(KABUL, Afghanistan) — Chaos has enveloped Kabul after Afghanistan’s government’s collapsed and the Taliban seized control, all but ending America’s 20-year campaign as it began: under Taliban rule.
As the crisis intensifies, images from Kabul Thursday show Taliban fighters forcefully patrolling streets where Afghan men and women were protesting. Meanwhile, Pentagon officials said their focus remains on maintaining the airport perimeter and increasing the number evacuees out of Kabul.
President Joe Biden returned to Washington from Camp David on Wednesday and sat down with ABC News’ George Stephanopoulos for an exclusive one-on-one interview at the White House, the president’s first interview since the withdrawal from Afghanistan.
The Pentagon said that 6,000 U.S. troops have been deployed to the country’s capital as the military races to evacuate people. Despite criticism, the Biden administration is sticking by its decision to withdraw troops from the country, though Biden told Stephanopoulos troops might stay beyond the original Aug. 31 date if it takes longer to get all Americans out of the country.
Here are some key developments. All times Eastern:
Aug 20, 1:25 am
US evacuated about 3,000 people from Kabul on Thursday
The U.S. evacuated approximately 3,000 people from the airport in Kabul on Thursday as thousands clamor to get out of the country in the wake of the Taliban taking over the government.
The White House confirmed the latest number of evacuees early Friday, among them nearly 350 U.S. citizens. The others on the 12 C-17 flights were family members of U.S. citizens, special immigration visa applicants and their families and vulnerable Afghans, a White House official said.
The official said 9,000 people have been evacuated since Aug. 14 and 14,000 since the end of July.
Not included in those totals were 11 charter flights facilitated by the U.S. military, the official said.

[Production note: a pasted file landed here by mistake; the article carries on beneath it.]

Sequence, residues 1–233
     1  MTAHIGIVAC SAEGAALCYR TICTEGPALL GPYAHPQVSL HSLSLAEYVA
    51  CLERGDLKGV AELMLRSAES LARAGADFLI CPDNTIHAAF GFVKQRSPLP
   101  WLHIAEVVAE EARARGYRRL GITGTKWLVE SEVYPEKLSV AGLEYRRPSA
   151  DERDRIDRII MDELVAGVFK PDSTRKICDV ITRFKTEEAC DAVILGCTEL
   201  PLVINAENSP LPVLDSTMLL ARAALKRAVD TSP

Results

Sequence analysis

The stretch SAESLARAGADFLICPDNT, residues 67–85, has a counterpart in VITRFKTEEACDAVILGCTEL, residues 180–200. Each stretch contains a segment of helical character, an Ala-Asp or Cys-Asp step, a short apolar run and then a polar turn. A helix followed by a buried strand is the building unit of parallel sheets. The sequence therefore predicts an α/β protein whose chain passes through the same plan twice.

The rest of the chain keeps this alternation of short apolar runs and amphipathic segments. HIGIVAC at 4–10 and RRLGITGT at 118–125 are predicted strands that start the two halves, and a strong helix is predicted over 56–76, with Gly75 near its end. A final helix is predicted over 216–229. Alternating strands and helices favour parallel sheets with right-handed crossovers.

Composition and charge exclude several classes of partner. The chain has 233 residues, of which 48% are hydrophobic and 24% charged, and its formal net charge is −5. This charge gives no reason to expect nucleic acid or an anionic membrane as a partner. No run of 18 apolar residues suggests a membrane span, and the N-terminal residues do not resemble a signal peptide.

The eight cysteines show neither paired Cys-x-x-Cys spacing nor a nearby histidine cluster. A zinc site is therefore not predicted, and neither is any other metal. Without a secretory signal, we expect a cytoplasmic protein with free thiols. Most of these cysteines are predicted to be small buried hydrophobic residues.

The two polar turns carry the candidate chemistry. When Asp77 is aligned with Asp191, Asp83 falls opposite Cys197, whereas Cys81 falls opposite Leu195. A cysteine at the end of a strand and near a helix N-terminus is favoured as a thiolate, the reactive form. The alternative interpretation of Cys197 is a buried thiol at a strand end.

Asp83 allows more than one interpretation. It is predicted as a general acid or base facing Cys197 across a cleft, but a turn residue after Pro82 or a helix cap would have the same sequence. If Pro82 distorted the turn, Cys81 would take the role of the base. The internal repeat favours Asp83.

President Joe Biden is scheduled to discuss the evacuations from Afghanistan in an address Friday afternoon.
Aug 19, 8:13 pm
Consular surge will only be as high as 40 people total: Sources
The State Department announced earlier this week that it is “surging” staff to the international airport in Kabul to assist with the massive efforts to evacuate as many as 15,000 U.S. citizens and tens of thousands of Afghans who helped the U.S. mission in Afghanistan.
But the total number of consular officials who will help process people will only be as high as 40 people in total, according to two sources familiar with the plans — raising questions about whether that is enough staff to process the tens of thousands left to evacuate.
The State Department declined to confirm how many consular officials would be based at Kabul airport, but referred questions to spokesperson Ned Price’s comments earlier on Thursday.
“We’re always going to be evaluating what we could be doing differently, what we could be doing more effectively. If it turns out that we need additional consular capacity in Kabul, we won’t hesitate to do that, but right now we are confident that … with the additional reinforcements, we’ll have what we need,” he told reporters.
In comparison, there are more than 5,200 U.S. troops on the ground, securing the airport and evacuating Americans and Afghans on military cargo aircraft. The military is able to airlift between 5,000 and 9,000 people per day, Gen. Hank Taylor told reporters Thursday, but they have not had that many evacuees ready to go.
Crowds are unable to access the airport, blocked by massive congestion and Taliban fighters beating back crowds. U.S. forces have also deployed tear gas and fired into the air to disperse crowds. Over the last 24 hours, Taylor said, only 2,000 passengers were taken out.
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